Paris attack puts security at the top of the agenda two days before French election

PHOTO: Pedestrians and vehicles take the Champs Elysees avenue near the Arc de Triomphe monument in Paris, April 21 ,2017, a day after a gunman opened fire on police on the avenue.. PlayPhilippe Lopez/AFP/Getty Images
WATCH French presidential candidate Marine Le Pen and Europe's far-right movement

Thursday’s shooting on the Champs-Elysees boulevard in Paris has pushed security to the top of the political agenda and added more unpredictability to a close presidential race two days before French voters head to the polls.

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The attack, which killed one police officer, could influence voters who will cast their ballots Sunday, analysts say.

“It seems inevitable that this attack will have some impact on Sunday’s vote,” Jim Shields, professor of French politics at Aston University in Birmingham, England, told ABC News. “We have had terrorist attacks during other election campaigns but never this close to polling day.”

Four candidates lead the race, which is still too tight to call – so even a small effect on the first round of voting Sunday could make a big difference, he said.

“With four leading candidates running neck and neck and up to a third of voters still undecided, even a marginal effect in increasing support for a particular candidate could be decisive,” he said.

This could benefit two candidates, he added: far-right leader Marine Le Pen and the conservative François Fillon, who have made security and the fight against terrorism central issues in their campaigns. The candidates who could lose votes are centrist candidate Emmanuel Macron and far-left candidate Jean-Luc Mélenchon, who had seen a recent surge in polls, he said.

Le Pen, slightly behind frontrunner Macron in the polls, has already reacted to the attack by saying she will introduce tougher immigration and border control, and she will likely continue to capitalize on it, said Françoise Boucek, lecturer at the School of Politics and International Relations at Queen Mary University of London.

“I definitely think that it’s Le Pen who might try to capitalize on it the most because her agenda is really about internal security, anti-terrorism and anti-Islamism. She’s going to capitalize on this and say, ‘Look, that's what I’ve been saying all along,’” Boucek told ABC News.

France has been under a state of emergency since November 2015. The country has seen a series of attacks that have killed nearly 240 people in the past two years. Thursday’s attack reminds voters of the security challenges the country is facing, Boucek said.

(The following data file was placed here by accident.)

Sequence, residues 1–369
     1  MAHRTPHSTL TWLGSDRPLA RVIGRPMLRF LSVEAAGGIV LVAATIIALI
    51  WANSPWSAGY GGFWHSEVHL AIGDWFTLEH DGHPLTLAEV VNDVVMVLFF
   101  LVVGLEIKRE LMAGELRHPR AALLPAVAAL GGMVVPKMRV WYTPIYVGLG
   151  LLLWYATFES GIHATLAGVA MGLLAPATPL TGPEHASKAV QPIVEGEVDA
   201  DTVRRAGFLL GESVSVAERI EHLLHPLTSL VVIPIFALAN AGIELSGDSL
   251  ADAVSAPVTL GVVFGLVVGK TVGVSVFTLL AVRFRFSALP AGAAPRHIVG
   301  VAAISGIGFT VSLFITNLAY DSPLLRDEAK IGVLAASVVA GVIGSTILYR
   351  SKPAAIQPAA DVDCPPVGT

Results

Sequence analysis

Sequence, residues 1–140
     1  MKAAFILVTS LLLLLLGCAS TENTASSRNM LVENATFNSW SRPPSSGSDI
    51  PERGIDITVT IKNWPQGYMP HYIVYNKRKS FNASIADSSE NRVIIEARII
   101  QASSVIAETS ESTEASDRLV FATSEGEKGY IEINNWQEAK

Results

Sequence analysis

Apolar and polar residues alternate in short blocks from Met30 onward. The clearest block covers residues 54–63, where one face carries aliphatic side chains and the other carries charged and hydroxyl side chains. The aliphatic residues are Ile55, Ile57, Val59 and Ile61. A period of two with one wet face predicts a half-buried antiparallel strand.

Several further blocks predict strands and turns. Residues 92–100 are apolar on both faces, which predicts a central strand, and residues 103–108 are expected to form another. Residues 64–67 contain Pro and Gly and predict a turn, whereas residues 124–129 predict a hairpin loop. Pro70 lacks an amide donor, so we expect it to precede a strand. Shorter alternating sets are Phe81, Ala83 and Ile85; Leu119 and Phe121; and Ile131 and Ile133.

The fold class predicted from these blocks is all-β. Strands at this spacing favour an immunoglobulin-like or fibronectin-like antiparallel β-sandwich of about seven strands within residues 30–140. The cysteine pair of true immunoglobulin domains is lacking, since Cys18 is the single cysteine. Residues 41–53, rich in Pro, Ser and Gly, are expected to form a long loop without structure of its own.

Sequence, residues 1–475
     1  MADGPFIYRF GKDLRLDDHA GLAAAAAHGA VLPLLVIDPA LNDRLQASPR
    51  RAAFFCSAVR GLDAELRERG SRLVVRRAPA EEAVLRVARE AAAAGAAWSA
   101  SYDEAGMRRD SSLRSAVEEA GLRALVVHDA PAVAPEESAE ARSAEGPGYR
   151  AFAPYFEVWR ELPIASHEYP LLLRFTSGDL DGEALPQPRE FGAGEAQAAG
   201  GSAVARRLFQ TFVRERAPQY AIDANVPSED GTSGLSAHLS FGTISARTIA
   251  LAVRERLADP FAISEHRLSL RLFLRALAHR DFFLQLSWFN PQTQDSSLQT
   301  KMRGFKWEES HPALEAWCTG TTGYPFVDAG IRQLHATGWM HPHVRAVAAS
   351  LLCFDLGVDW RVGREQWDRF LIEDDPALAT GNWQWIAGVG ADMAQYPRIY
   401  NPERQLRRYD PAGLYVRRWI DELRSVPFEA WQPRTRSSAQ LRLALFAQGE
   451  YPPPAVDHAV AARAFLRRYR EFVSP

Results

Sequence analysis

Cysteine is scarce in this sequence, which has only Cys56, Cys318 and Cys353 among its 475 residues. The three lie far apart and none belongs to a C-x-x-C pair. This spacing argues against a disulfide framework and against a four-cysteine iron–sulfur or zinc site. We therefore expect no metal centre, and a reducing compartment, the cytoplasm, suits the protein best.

“It puts internal security on the top of the agenda and on the top of people’s consciousness so I would think that this is definitely going to affect people’s decisions on Sunday,” she said.

Le Pen is expected to make it to the second round, which she is then predicted to lose to Macron, according to the polls. Boucek said she’d still be surprised if Le Pen became president, even if she does get more votes than expected before Thursday’s attack.

President Trump tweeted today that the attack "will have a big effect" on the presidential election.

The attack adds to an already unpredictable race, said Simon Lightfoot, senior lecturer in European Politics at the University of Leeds.

Thursday’s attack is likely to benefit Le Pen and Fillon, he said. Le Pen was already expected to move on to the second round so the question is whether Fillon could now get enough votes to be the second candidate.

“If it’s a runoff between two right-wing candidates; it will be quite interesting,” Lightfoot told ABC News.

But the latest polls suggest that the second-round runoff on May 7 will be between Macron and Le Pen, and even if more people vote for Le Pen because of Thursday's attack, he doesn’t think the shift will be big enough for a far-right victory.

“I don’t think it will change the runoff dramatically,” he said.

Le Pen is an anti-European Union politician who has promised to dump the euro currency. If she wins, it could change France’s place in the world and deal a blow to the E.U., already dealing with the British exit from the bloc.

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